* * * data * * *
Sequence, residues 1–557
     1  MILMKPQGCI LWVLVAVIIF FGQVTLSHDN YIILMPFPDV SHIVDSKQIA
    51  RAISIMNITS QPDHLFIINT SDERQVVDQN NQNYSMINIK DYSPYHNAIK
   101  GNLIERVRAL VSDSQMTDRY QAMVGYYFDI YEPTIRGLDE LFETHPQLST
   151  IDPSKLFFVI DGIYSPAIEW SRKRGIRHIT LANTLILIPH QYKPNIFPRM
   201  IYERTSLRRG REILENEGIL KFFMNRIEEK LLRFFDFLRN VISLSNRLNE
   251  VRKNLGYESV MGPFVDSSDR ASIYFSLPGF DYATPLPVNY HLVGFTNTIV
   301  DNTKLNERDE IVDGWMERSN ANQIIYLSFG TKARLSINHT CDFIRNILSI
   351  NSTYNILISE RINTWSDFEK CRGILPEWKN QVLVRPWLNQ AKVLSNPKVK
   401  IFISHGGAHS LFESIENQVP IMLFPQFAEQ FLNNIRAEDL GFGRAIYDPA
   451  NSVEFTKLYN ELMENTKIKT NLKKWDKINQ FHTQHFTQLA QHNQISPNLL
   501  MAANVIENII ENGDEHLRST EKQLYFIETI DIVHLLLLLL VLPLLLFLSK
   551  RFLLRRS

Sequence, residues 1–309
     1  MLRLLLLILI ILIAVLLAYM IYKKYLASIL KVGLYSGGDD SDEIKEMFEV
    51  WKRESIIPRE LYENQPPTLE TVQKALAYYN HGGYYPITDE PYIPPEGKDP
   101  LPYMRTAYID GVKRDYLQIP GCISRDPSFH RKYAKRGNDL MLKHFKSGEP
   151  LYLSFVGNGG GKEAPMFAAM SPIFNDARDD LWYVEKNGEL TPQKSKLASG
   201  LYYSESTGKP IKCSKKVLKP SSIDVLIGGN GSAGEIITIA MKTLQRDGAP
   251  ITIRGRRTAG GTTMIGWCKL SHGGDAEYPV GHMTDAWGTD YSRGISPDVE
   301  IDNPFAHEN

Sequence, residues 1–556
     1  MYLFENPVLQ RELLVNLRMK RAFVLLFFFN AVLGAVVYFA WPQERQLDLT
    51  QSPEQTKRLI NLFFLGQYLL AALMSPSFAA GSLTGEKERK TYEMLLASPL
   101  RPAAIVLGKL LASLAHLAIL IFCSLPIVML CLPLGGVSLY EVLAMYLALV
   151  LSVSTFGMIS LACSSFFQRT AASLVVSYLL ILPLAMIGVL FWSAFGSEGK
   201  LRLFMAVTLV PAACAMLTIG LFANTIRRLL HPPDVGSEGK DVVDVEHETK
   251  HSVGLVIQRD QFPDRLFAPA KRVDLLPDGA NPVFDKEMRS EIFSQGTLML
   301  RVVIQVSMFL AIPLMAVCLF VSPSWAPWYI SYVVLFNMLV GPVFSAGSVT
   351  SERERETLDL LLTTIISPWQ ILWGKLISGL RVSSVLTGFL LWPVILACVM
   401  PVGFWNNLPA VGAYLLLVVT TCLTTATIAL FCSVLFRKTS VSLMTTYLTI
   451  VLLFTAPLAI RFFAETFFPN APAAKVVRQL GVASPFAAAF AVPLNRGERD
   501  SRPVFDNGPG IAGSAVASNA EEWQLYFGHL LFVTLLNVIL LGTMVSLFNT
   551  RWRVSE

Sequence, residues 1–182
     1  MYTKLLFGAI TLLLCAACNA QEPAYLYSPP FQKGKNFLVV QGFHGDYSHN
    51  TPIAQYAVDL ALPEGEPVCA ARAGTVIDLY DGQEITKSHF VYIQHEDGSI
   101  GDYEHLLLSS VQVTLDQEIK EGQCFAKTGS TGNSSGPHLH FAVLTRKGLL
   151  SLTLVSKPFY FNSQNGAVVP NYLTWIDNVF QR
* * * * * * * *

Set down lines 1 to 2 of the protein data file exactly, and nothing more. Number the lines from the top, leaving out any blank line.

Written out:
Sequence, residues 1–557
     1  MILMKPQGCI LWVLVAVIIF FGQVTLSHDN YIILMPFPDV SHIVDSKQIA